In his three-paneled “Richmond Crossings,” planned and prepared during more than a year before its installation in the station’s lobby, miles of land and river lead the viewers’ eyes to distant horizons. The nightfall scenes are illuminated by street and building lights that sometimes reflect off the river, softening the severe diagonals cut by tracks, roads and the James.
“Further Crossings,” small drawings and paintings by Fox exhibited at Reynolds Gallery, further prove the artist’s ability to cast urban Richmond in a hypnotically mystical light. These 11 drawings and paintings include Fox’s studies for the Main Street commission as well as versions of other scenes involving trains, bridges and water. As in “Richmond Crossings,” these pictures transform banality into poetry.
Hand Workshop’s current “Disguise the Limits: Sculpture and Drawing by John Newman” offers numerous examples of the artist’s tabletop objects. These include “Homespun,” the inspiration for “Skyrider,” which now hangs under Interstate 95 outside the station.
“Disguise the Limits” provides an invaluable introduction to Newman’s aesthetic.
Primitive forms, mechanical objects and disparate properties of materials all figure into sculptures that seem to be living things. In each piece, sometimes not much larger than a shoebox, materials can morph five times and take multiple directions and shapes. At their best, his quirky objects, deliberately confounding in form and material, are patterned so that the viewer instinctively completes them, as if they become visually rational. In this sense, Newman’s art is a mental challenge made fun by eye-grabbing color and texture.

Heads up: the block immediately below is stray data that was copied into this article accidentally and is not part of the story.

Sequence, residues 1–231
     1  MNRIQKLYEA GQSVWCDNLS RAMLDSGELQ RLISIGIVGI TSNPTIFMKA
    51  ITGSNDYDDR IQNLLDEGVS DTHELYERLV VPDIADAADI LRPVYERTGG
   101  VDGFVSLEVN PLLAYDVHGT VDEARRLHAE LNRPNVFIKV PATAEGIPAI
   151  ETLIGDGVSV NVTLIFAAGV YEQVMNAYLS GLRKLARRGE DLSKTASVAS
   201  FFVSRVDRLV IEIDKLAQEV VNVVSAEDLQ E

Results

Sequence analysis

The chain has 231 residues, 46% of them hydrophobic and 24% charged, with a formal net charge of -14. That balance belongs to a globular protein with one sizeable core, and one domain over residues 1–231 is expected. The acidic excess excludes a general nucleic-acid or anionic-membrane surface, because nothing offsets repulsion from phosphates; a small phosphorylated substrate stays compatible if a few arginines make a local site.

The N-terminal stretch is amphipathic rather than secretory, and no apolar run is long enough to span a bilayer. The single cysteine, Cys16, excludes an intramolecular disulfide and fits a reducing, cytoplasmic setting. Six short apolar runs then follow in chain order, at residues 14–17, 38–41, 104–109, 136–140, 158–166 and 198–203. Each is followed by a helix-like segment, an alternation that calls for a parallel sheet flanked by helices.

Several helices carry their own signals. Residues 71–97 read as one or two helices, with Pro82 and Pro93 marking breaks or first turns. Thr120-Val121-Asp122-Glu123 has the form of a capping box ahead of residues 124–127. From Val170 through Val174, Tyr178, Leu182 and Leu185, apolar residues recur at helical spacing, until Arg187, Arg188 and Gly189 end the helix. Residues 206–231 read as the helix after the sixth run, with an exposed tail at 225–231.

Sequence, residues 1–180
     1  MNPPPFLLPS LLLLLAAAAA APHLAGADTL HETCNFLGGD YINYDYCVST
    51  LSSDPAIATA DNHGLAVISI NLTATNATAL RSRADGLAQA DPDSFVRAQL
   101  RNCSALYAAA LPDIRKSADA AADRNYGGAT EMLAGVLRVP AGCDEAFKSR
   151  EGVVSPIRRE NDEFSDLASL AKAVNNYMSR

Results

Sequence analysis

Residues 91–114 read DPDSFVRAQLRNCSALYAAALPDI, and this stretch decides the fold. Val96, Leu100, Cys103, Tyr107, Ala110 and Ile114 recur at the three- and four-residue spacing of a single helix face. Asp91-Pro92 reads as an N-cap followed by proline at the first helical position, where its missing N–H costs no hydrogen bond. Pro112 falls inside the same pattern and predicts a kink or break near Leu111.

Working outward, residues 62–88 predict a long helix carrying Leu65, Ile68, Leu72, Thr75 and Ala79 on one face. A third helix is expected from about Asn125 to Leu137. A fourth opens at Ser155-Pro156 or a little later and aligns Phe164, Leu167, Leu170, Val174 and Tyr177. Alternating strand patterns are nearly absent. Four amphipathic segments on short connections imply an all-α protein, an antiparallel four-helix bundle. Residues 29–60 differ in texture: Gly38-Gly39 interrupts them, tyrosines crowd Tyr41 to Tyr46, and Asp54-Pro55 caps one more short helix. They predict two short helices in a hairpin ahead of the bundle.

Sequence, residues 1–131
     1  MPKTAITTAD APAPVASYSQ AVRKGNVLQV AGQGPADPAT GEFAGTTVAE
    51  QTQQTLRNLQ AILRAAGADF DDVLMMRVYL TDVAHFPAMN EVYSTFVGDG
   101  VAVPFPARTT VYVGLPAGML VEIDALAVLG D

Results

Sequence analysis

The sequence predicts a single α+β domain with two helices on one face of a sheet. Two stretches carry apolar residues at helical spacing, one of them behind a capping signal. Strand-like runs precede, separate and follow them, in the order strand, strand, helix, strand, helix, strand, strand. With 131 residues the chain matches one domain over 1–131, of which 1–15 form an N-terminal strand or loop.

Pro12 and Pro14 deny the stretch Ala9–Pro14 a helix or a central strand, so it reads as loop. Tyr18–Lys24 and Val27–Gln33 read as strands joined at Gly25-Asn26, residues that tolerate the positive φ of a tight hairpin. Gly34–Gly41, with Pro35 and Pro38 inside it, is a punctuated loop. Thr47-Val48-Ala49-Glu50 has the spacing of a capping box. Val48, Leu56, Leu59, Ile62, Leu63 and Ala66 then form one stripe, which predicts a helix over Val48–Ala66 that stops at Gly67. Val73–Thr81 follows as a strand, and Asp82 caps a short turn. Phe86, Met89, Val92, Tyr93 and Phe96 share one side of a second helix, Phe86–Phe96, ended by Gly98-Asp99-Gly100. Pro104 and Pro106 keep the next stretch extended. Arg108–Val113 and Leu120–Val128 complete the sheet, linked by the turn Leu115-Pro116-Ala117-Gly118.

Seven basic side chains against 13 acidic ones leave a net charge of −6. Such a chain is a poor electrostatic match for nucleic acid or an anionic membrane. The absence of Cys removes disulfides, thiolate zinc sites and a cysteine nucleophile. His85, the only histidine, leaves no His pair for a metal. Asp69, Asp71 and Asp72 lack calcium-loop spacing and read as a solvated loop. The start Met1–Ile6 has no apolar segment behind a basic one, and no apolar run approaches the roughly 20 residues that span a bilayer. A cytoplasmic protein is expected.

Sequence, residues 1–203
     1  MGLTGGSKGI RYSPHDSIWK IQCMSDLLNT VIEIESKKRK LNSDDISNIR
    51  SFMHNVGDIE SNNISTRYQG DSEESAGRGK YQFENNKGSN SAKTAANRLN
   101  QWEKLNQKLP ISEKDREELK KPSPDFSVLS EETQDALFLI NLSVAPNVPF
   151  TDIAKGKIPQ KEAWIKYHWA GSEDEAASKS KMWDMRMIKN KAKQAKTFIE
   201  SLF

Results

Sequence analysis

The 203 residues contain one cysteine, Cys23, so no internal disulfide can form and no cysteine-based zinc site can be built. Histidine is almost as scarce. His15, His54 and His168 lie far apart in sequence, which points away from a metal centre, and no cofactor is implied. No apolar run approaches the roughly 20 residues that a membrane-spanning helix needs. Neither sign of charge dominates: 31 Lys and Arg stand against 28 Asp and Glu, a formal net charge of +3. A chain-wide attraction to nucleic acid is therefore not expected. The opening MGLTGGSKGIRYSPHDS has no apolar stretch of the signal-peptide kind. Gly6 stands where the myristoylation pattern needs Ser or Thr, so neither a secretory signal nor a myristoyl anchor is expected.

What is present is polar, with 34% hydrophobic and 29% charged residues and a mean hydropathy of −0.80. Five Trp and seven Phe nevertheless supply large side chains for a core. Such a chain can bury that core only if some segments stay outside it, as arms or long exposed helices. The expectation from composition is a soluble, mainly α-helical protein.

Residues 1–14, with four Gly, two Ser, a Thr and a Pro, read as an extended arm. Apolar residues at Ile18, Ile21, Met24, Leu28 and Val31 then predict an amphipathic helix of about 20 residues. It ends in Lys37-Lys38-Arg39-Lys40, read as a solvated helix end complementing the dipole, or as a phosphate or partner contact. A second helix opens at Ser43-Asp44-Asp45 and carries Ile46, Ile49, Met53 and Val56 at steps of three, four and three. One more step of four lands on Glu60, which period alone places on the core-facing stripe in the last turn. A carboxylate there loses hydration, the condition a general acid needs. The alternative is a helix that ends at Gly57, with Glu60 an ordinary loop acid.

The evolution of “Skyrider” from model to final installation required a bridge engineer and an involved approval from the Virginia Department of Transportation. So “Skyrider” has become a symbolic link between state bureaucracy and local resolve, as well as between public transportation and cultural enrichment.
But “Skyrider” doesn’t offer as much thrill as its inspiration, “Homespun.” The smaller piece was made with wicker, bronze, sisal, wood, papier-mché, resin and ink, and it oozes with tactile qualities and evidence of skilled handwork. “Skyrider” stiffens in a deadpan, completely metal form.
Its ribbonlike figure-eight portion, built out of perforated aluminum that allows light to penetrate, becomes a weightless element that helps it take flight. But the ribbon element becomes a less graceful C-shaped frame partly sheathed in bronze-colored metal panels. In smaller scale, the frame might have been understood as part machine and part skeleton, but here it looks like a space frame with no purpose. Still, “Skyrider” is important for many reasons, the least of which is that it gives the viewer credit for understanding its relationship to the city and to Main Street Station.
Before holiday schedules take over, go to Reynolds Gallery and Hand Workshop and get to know the recent work of Stephen Fox and John Newman. Their work celebrates a miraculous urban aspect of Shockoe Bottom that until now most have wanted to ignore — swirling, convoluted tiers of roads, bridges, river and railroad tracks. The art at Main Street Station awakens our sense of dimension and lets us see the cacophony of pathways as something to celebrate. S
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